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Keno health study met with skepticism

Keno City residents face no immediate dangers from metal contaminants detected in the groundwater surrounding the community, according to a government report released on Wednesday.

Keno City residents face no immediate dangers from metal contaminants detected in the groundwater surrounding the community, according to a government report released on Wednesday.

But the report, which concedes that more monitoring needs to be done to rule out possible health hazards, is small comfort to present and former residents.

“It’s a whitewash as expected,” said Insa Schultenkotter.

“They point out that the data they have is inadequate, but then they turn around and say ‘don’t worry everything is fine.’ How can you do that?” she asked.

Frustrated with the Yukon government’s handling of the situation, Schultenkotter and her husband Bob Wagner have moved to Atlin, B.C. but still own property in Keno City.

Several residents who remain in Keno expressed similar feelings, but they asked not to be named, for fear of upsetting Alexco Resources, the company that is extracting silver from the district’s historic complex of mines.

The health impact study compiled and examined data from March through August, 2012. It focused on the health effects from airborne exposure to six metals: arsenic, cadmium, lead, manganese, strontium and zinc, as well as cadmium and zinc in the groundwater.

Health effects of these airborne particles can include cardiovascular damage, asthma, bronchitis, lung damage, cancer and eye irritation. High levels of cadmium and zinc has been linked to gastrointestinal irritation, vomiting and kidney damage.

“All of this is precautionary,” said Dr. Brendan Hanley, the Yukon’s chief medical officer of health, at a press conference on Wednesday.

“Despite the concern and the complexity of heavy mining, there aren’t any signals coming out that there is existing danger or that the water is contaminated or that the amount of dust is hazardous. It’s just that we don’t feel, through the report, that we have enough data points and monitoring evidence to rule out risk.”

Alexco supports the report’s findings and wants to ensure the safety of residents near its mining operations, said Brad Thrall, the company’s executive vice president and chief operating officer.“It is prudent to do some additional monitoring in Keno City. It’s because of our presence and activities that the Onek 400 contamination was first discovered.”

Onek 400 is an abandoned mine shaft full of water close to local residents.

“We certainly have a pretty robust monitoring program in place now,” said Thrall. “It is increasing. We have six dust monitoring stations, noise monitoring stations, very extensive groundwater monitoring on a monthly basis,”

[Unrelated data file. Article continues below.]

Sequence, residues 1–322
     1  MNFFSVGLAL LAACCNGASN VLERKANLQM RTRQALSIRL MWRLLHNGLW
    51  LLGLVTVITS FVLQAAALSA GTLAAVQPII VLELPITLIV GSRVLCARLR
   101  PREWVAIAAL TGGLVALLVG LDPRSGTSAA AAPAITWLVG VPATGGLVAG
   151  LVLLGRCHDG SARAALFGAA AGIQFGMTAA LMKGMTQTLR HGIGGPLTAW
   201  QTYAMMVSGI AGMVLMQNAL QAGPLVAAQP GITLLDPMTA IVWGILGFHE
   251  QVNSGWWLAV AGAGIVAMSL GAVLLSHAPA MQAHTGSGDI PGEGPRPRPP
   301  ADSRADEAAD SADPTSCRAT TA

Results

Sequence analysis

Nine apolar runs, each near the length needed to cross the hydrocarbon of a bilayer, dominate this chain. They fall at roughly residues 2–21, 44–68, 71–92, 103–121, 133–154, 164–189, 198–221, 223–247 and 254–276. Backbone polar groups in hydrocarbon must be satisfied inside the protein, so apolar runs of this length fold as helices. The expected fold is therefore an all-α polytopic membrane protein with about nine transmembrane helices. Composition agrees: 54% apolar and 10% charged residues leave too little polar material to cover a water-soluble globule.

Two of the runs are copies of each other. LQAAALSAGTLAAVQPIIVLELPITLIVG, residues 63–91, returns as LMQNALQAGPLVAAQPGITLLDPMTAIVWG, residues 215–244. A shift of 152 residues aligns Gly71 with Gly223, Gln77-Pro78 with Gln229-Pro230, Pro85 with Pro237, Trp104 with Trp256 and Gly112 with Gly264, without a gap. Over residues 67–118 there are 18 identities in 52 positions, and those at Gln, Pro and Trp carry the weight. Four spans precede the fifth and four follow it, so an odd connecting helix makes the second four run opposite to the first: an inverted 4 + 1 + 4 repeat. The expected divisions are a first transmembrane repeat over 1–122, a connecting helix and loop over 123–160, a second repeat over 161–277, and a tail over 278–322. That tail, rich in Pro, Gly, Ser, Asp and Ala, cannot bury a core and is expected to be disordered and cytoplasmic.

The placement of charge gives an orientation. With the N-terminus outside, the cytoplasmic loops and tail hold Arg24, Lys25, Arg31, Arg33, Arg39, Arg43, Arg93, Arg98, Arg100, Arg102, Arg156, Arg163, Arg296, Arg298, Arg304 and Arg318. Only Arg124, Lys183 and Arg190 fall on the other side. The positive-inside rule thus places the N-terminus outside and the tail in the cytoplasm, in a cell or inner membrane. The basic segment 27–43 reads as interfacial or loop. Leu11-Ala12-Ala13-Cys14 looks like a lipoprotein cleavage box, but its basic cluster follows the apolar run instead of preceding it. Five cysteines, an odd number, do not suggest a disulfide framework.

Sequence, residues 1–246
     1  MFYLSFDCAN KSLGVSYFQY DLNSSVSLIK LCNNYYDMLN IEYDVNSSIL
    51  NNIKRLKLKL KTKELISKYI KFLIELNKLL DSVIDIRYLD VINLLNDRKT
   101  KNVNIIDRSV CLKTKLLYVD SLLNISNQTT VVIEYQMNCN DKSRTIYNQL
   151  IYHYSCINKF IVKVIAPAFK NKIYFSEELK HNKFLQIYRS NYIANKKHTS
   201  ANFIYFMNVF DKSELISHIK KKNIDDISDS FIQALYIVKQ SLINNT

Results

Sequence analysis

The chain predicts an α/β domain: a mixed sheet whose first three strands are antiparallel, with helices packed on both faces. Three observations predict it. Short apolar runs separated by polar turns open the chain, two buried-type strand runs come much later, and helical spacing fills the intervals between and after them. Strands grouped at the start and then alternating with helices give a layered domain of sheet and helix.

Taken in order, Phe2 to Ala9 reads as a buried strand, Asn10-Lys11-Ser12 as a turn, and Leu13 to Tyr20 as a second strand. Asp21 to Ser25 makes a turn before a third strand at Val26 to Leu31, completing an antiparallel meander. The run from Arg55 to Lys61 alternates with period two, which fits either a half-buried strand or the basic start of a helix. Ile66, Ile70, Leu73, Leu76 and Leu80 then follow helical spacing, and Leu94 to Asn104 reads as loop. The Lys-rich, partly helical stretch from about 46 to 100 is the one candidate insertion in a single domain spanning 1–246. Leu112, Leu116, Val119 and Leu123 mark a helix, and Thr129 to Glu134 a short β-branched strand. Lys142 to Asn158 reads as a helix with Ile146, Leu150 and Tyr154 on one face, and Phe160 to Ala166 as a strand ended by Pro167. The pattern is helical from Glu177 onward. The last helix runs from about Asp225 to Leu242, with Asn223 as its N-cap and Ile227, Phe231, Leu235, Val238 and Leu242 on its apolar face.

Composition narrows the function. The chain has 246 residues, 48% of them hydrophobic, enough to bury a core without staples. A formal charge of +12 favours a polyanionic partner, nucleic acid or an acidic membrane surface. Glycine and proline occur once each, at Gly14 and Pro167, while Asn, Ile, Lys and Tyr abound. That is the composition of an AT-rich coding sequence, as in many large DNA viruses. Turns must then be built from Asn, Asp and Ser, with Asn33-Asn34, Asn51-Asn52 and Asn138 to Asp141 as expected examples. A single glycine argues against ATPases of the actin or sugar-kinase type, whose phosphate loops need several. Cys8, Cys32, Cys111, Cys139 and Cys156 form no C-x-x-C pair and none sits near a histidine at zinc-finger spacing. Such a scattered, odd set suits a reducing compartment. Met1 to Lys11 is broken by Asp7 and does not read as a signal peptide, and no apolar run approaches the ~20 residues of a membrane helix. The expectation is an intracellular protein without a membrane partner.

But the company’s critics aren’t buying it.

“I don’t believe it, absolutely not,” said Schultenkotter. “For someone who has a little bit of knowledge and to read this, you just shake your head.”

She and other residents have pointed to what they see as contradictions and flaws in the report based on the scarcity of data in some areas.

“They’re focusing on the water and the air, which lacks a lot of data.” she said.“There’s way more involved, and the report kind of points it out,” Schultenkotter also worries that the data studied for the report may be biased because it was collected by Access Consulting, a subsidiary of Alexco.

But Hanley was adamant that the results of the report, which was prepared by Calgary-based Habitat Health Impact Consulting, are valid.

“This was not done for industry.” said Hanley. “This was done at my request.”

“The lab testing itself was not independent. What they (Keno residents) had asked for was another opinion on the existing lab information from the monitoring,” he said.

Along with increased monitoring, the report recommends identifying a backup emergency water source in case the town’s main source of potable water, the Firehall well, becomes compromised. It also suggests using “commonsense public health interventions” as precautionary measures.

That includes using raised garden beds, not using surface water for gardens, and hand washing after contact with groundwater, said Hanley.

Millie said he took samples from the water plant himself in July and August and sent them to Mining Watch Canada for analysis. The results noted a spike in contaminants, but that more data is needed before conclusions can be drawn.

At Wednesday’s press conference, Hanley reiterated that spikes in contamination levels like the ones from this summer are inconclusive without more data, which is why the report recommends increasing monitoring.

Health impact assessments, such as what’s being done in Keno, are a relatively new tool and this is the first time one has been carried out in the territory, said Hanley.

Hanley also said he’d like to see this type of impact assessment used during the planning of some projects in the future.

“This was a fairly formal, fairly lengthy health impact assessment.“he said. “I don’t think that’s necessary for every project,”

Contact Jesse Winter at